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Complex numbers in C++ | Set 1

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The complex library implements the complex class to contain complex numbers in cartesian form and several functions and overloads to operate with them. complex2

  • real() – It returns the real part of the complex number.
  • imag() – It returns the imaginary part of the complex number. 

CPP

// Program illustrating the use of real() and
// imag() function
#include <iostream>    
 
// for std::complex, std::real, std::imag
#include <complex>     
using namespace std;
 
// driver function
int main()
{   
  // defines the complex number: (10 + 2i)
  std::complex<double> mycomplex(10.0, 2.0);
 
  // prints the real part using the real function
  cout << "Real part: " << real(mycomplex) << endl;
  cout << "Imaginary part: " << imag(mycomplex) << endl;
  return 0;
}

                    
  • Output:
Real part: 10
Imaginary part: 2

Time Complexity: O(1)
Auxiliary Space: O(1)

  • abs() – It returns the absolute of the complex number.
  • arg() – It returns the argument of the complex number. 

CPP

// Program illustrating the use of arg() and abs()
#include <iostream>    
 
// for std::complex, std::abs, std::atg
#include <complex>
using namespace std;
 
// driver function
int main ()
{   
  // defines the complex number: (3.0+4.0i)
  std::complex<double> mycomplex (3.0, 4.0);
 
  // prints the absolute value of the complex number
  cout << "The absolute value of " << mycomplex << " is: ";
  cout << abs(mycomplex) << endl;
   
  // prints the argument of the complex number
  cout << "The argument of " << mycomplex << " is: ";
  cout << arg(mycomplex) << endl;
 
  return 0;
}

                    
  • Output:
The absolute value of (3,4) is: 5
The argument of (3,4) is: 0.927295

Time Complexity: O(1)
Auxiliary Space: O(1)

  • polar() – It constructs a complex number from magnitude and phase angle. real = magnitude*cosine(phase angle) imaginary = magnitude*sine(phase angle) 

CPP

// Program illustrating the use of polar()
#include <iostream>    
 
// std::complex, std::polar
#include <complex>
using namespace std;
 
// driver function
int main ()
{
  cout << "The complex whose magnitude is " << 2.0;
  cout << " and phase angle is " << 0.5;
   
  // use of polar()
  cout << " is " << polar (2.0, 0.5) << endl;
 
  return 0;
}

                    
  • Output:
The complex whose magnitude is 2 and phase angle is 0.5 is (1.75517,0.958851)

Time Complexity: O(1)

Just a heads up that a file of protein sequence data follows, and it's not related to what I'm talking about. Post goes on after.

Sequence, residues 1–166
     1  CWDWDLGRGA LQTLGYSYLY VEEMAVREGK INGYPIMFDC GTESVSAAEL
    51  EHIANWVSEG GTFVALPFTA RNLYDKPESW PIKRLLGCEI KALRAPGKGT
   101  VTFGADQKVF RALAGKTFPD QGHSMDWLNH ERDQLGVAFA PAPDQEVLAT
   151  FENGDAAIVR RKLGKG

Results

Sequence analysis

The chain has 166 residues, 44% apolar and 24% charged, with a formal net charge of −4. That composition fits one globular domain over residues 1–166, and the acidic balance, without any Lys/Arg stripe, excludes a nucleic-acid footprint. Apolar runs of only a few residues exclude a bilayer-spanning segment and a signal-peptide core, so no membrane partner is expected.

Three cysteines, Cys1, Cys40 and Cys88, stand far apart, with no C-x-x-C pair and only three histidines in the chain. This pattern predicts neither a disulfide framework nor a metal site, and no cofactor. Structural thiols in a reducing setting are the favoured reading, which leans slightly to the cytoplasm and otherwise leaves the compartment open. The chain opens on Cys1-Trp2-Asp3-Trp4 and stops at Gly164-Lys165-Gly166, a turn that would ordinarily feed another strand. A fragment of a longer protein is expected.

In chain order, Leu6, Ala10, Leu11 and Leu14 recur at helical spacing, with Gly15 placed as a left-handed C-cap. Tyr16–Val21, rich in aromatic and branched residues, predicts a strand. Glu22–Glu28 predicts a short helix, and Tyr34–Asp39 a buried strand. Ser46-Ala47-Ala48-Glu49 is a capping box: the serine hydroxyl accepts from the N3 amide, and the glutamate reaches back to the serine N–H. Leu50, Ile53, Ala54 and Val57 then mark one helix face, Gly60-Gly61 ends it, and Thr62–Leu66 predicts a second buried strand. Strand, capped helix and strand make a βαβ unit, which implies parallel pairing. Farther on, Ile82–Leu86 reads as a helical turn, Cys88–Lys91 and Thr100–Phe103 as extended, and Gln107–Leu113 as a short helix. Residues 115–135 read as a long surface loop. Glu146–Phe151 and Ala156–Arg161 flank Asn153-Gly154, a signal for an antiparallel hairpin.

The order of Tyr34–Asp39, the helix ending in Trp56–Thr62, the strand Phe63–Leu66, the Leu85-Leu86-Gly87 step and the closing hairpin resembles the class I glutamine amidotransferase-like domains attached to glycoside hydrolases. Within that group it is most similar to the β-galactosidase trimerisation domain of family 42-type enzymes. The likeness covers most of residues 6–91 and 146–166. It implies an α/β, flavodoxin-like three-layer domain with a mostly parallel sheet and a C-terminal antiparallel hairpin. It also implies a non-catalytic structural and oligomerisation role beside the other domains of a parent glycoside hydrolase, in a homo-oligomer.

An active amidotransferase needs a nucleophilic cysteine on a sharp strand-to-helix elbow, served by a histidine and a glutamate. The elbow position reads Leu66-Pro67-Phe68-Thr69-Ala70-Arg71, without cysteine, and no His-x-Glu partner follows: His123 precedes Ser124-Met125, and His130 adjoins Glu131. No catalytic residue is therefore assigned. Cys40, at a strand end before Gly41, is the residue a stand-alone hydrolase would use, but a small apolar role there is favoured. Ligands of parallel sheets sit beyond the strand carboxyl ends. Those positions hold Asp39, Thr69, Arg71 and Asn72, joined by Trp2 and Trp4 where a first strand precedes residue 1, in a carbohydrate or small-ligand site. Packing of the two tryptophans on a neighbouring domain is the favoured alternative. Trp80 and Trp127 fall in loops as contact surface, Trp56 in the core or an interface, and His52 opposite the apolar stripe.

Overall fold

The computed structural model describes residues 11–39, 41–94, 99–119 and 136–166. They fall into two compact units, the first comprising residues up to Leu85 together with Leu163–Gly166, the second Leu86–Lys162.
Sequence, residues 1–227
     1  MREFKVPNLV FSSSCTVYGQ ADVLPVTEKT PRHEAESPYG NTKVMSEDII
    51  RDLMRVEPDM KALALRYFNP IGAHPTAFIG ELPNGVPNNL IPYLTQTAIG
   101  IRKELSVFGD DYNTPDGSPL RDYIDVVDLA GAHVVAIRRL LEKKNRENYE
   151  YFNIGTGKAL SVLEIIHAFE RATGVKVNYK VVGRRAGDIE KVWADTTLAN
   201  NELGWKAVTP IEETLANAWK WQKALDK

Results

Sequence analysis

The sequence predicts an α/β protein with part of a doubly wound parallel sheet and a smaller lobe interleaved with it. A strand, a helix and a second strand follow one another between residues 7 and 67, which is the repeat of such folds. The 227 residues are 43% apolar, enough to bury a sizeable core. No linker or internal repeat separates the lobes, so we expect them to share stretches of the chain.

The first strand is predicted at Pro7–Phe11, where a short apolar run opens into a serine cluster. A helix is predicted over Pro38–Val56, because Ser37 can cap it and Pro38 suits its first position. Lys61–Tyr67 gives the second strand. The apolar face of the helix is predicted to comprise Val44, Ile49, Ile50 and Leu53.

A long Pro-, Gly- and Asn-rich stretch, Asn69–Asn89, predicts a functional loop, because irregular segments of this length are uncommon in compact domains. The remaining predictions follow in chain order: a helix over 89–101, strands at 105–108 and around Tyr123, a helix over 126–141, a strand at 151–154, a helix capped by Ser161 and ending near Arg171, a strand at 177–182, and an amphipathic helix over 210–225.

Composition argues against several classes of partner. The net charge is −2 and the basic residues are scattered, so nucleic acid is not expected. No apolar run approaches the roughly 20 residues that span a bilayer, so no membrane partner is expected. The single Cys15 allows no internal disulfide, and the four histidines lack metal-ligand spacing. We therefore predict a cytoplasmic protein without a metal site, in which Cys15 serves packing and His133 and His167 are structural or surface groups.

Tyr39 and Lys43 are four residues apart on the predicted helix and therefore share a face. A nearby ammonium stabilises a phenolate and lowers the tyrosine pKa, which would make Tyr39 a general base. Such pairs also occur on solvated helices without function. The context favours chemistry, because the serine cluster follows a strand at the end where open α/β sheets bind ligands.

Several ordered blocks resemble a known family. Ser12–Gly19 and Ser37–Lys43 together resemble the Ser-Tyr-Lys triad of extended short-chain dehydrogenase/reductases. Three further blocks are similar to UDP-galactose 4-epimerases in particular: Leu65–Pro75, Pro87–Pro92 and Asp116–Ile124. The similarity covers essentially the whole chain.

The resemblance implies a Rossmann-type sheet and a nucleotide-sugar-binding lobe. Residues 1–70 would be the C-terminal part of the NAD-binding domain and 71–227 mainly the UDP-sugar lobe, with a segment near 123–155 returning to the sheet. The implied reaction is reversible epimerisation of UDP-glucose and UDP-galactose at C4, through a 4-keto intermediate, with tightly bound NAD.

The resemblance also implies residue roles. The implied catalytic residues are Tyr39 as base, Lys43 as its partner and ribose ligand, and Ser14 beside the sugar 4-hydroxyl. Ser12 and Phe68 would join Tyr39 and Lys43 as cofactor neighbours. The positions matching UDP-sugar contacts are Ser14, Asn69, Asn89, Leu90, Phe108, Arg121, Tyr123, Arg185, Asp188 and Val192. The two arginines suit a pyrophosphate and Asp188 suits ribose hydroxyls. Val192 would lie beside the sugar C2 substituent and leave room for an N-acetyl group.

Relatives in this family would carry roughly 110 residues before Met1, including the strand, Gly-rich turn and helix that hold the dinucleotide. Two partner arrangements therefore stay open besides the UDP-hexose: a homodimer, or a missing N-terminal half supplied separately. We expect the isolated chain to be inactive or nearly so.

Auxiliary Space: O(1)

  • norm() – It is used to find the norm(absolute value) of the complex number. If z = x + iy is a complex number with real part x and imaginary part y, the complex conjugate of z is defined as z'(z bar) = x – iy, and the absolute value, also called the norm, of z is defined as : complex-2 

CPP

// example to illustrate the use of norm()
#include <iostream>    
 
// for std::complex, std::norm
#include <complex>
using namespace std;
 
// driver function
int main ()
{   
  // initializing the complex: (3.0+4.0i)
  std::complex<double> mycomplex (3.0, 4.0);
 
  // use of norm()
  cout << "The norm of " << mycomplex << " is "
       << norm(mycomplex) <<endl;
 
  return 0;
}

                    
  • Output:
The norm of (3,4) is 25.

Time Complexity: O(1)
Auxiliary Space: O(1)

  • conj() – It returns the conjugate of the complex number x. The conjugate of a complex number (real,imag) is (real,-imag). 

CPP

// Illustrating the use of conj()
#include <iostream>
using namespace std;
 
// std::complex, std::conj
#include <complex>     
 
// driver program
int main ()
{
  std::complex<double> mycomplex (10.0,2.0);
 
  cout << "The conjugate of " << mycomplex << " is: ";
   
  // use of conj()
  cout << conj(mycomplex) << endl;
  return 0;
}

                    
  • Output:
 The conjugate of (10,2) is (10,-2)

Time Complexity: O(1)
Auxiliary Space: O(1)

  • proj() – It returns the projection of z(complex number) onto the Riemann sphere. The projection of z is z, except for complex infinities, which are mapped to the complex value with a real component of INFINITY and an imaginary component of 0.0 or -0.0 (where supported), depending on the sign of the imaginary component of z. 

CPP

// Illustrating the use of proj()
 
#include <iostream>
using namespace std;
 
// For std::complex, std::proj
#include <complex>
  
// driver program
int main()
{
    std::complex<double> c1(1, 2);
    cout << "proj" << c1 << " = " << proj(c1) << endl;
  
    std::complex<double> c2(INFINITY, -1);
    cout << "proj" << c2 << " = " << proj(c2) << endl;
  
    std::complex<double> c3(0, -INFINITY);
    cout << "proj" << c3 << " = " << proj(c3) << endl;
}

                    
  • Output:
proj(1,2) = (1,2)
proj(inf,-1) = (inf,-0)
proj(0,-inf) = (inf,-0)

Time Complexity: O(1)
Auxiliary Space: O(1)

  • sqrt() – Returns the square root of x using the principal branch, whose cuts are along the negative real axis. 

CPP

// Illustrating the use of sqrt()
#include <iostream>
using namespace std;
 
// For std::ccomplex, stdc::sqrt
#include <complex>
  
// driver program
int main()
{   
    // use of sqrt()
    cout << "Square root of -4 is "
         << sqrt(std::complex<double>(-4, 0)) << endl
         << "Square root of (-4,-0), the other side of the cut, is "
         << sqrt(std::complex<double>(-4, -0.0)) << endl;
}

                    
  • Output:
Square root of -4 is (0,2)
Square root of (-4,-0), the other side of the cut, is (0,-2)

Time Complexity: O(log(n))
Auxiliary Space: O(1)

Next article: Complex numbers in C++ | Set 2


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Last Updated : 09 Feb, 2023
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